Mr. Braddock Speaks Up


How have the first performances of the show gone?

I've been really pleased with the shows so far.

What has the response been from audiences? 

Considering the standing ovations for Dean and Megan, I'm reasonably certain at least a dozen people have liked the show :-) Actually the audience response has been very kind.

What drew you to The Graduate?

When I choose shows, I look for two things. One, will this be artistically interesting, and two will it be fun working with this particular group of people? It's a huge time investment, so both things are important to me. In the case of this show, I was drawn to working on such a classic, and I knew I'd like working with Mary and Marty. 

What is your experience with the material? Have you ever seen the play? The movie?

I knew the basic story from it being a common cultural reference as I grew up, but I've never seen the movie or a production of this play before. Once I was committed to the show, I decided to wait to see the movie until after the show ran so that I wouldn't subconsciously imitate others' ideas about how the characters should be.

What do you think makes this story such an American classic?

We live in a culture where each generation has the freedom and the burden of creating their own world view. This play portrays that. So it has classic themes of coming of age through rebellion against authority, sexual exploration, and then coming to some sort of mature resolution. And that's just one take. There's all kinds of material to explore around our conflicting attitudes towards sexual expression, and I think also towards materialism.

What are some elements to the CST production of The Graduate that you think add a different or fresh twist to a well-known story?

Well, I think Dean has a much more handsome nose than Dustin Hoffman. But don't tell Dusty that, he gets very insecure when I talk like that.

How have the cast and crew come together on this production?

From my perspective, the cast and crew were great to work with from word go. Dean, who plays Benjamin, is a generous actor who gives you a lot to work with and is willing to try different takes on the characters. Amy, "my onstage wife," has been awesome to work with, and the directors provided a supportive environment to develop the characters. I mention how great those because I work most closely with them, but this cast has been fantastic, both in terms of talent and ability, as well as just being great people to spend time with.

What is your favorite scene in the show? Favorite line?

Just for sheer fun: Ben's first date with Elaine in the strip club. His trying to sabotage the date gets me every time, and I never tire of Lady Ginger. Artistically for my character, my favorite moment is actually a very sad one. Ben returns from his "walkabout," and his father is so hopeful that Ben will return a fully grown man who appreciates the value of a hard day's work. When that's not what happens, Frank feels all of his dreams have come to an end, that he's a failure as a father, and that has irreversably gone off track. The moment is I think masked under the humor of what's going on at that time for the audience, but it resonates with me. I remember that moment as a father. Now, I see how my step-son was laying the groundwork to be his own person, and how he went on to make me unbelievably proud. But Frank doesn't see that yet. He just feels the death but without the resurrection yet. It's a poignant moment for me.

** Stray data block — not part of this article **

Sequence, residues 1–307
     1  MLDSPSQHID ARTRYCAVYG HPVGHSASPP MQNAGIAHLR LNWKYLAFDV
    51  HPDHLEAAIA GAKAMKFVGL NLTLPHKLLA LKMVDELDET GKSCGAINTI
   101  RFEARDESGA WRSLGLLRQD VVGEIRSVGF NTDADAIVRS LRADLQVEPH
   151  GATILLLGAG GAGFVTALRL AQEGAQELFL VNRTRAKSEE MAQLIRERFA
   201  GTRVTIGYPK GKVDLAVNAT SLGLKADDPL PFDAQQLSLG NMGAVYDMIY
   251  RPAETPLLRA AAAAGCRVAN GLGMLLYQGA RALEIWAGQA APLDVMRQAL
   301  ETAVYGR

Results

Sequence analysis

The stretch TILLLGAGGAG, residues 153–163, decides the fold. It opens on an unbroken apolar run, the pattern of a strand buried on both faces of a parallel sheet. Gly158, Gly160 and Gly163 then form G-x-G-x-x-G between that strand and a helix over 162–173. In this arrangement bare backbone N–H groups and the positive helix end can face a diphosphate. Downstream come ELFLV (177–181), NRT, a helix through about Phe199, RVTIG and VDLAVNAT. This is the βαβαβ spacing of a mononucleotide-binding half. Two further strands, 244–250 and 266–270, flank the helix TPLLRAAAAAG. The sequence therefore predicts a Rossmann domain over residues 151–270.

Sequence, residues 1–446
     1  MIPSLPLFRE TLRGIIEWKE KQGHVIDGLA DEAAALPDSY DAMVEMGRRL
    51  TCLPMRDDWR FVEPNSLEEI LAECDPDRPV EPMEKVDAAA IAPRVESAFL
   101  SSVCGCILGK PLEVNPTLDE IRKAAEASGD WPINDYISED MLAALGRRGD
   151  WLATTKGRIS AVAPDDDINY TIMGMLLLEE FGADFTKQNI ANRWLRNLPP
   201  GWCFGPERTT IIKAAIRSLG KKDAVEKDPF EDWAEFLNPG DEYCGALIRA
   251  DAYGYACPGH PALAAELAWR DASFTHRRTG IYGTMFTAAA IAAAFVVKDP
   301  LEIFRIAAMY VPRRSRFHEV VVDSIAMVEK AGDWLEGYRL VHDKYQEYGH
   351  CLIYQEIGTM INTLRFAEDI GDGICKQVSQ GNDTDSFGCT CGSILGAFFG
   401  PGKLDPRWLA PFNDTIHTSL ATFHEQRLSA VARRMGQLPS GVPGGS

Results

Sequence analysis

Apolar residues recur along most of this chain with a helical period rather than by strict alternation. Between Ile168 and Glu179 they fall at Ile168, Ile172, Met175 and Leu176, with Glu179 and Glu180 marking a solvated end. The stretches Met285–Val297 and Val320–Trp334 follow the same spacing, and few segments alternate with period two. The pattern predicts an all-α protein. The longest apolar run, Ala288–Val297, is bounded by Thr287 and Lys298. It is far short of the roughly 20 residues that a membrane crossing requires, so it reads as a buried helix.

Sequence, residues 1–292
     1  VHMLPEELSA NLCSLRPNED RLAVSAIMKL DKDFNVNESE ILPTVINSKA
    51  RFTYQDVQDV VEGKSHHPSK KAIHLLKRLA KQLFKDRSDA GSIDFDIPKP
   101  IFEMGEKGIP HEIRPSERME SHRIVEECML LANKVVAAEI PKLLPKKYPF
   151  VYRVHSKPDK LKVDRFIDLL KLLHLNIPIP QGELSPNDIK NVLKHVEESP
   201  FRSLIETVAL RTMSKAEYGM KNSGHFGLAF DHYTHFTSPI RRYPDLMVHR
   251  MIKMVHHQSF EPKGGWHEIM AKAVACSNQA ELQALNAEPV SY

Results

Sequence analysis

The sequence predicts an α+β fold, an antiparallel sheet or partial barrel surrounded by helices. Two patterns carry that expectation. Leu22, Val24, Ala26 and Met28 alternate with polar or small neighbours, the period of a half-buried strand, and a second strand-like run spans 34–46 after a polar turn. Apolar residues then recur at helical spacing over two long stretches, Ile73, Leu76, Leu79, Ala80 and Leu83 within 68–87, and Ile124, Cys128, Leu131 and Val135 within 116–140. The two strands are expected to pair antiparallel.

One character in The Graduate utters the famous line, "One word - plastics." If you could describe this play in one word, what would it be.

I'd start with the line where Ben says, "I'm through with all this ... I don't know what it is, but I'm sick of it. I want something else." I see the play as being that journey. So I'd sum it up with a word that's not in the play, "Quest."

What makes Chicago Street Theatre such a unique venue?

For me, it's the blend of the passion and zeal of volunteers, who do this just because they love to, combined with the very professional standards and practices of CST. I believe that's a recipe for compelling shows and excellence on the stage.

Meet Lady Ginger

How have the first performances of the show gone?  

They were fantastic!  The audiences were so receptive and so with us, and you could feel this amazing energy within the cast.  I couldn't have asked for a better opening weekend.

Is this your first experience performing at Chicago Street Theatre? 

It isn't, though it's the first time I've been back at CST in approximately 8-9 years.  It's been like coming home.

Talk a little bit about your background as a dancer.

It was a fluke, actually. I was acting in Chicago, but getting a little burned out.  I decided to take a "quick" break, and saw Burlesque classes being offered by my now instructor/director, Michelle L'amour.  I tried a class and got hooked....I've been doing it now for about 7 years. I'm also a burlesque instructor at Michelle's studio, Studio L'amour.  It's been one of the most fun, most challenging experiences of my life.

What has been the most enjoyable aspect of this production for you?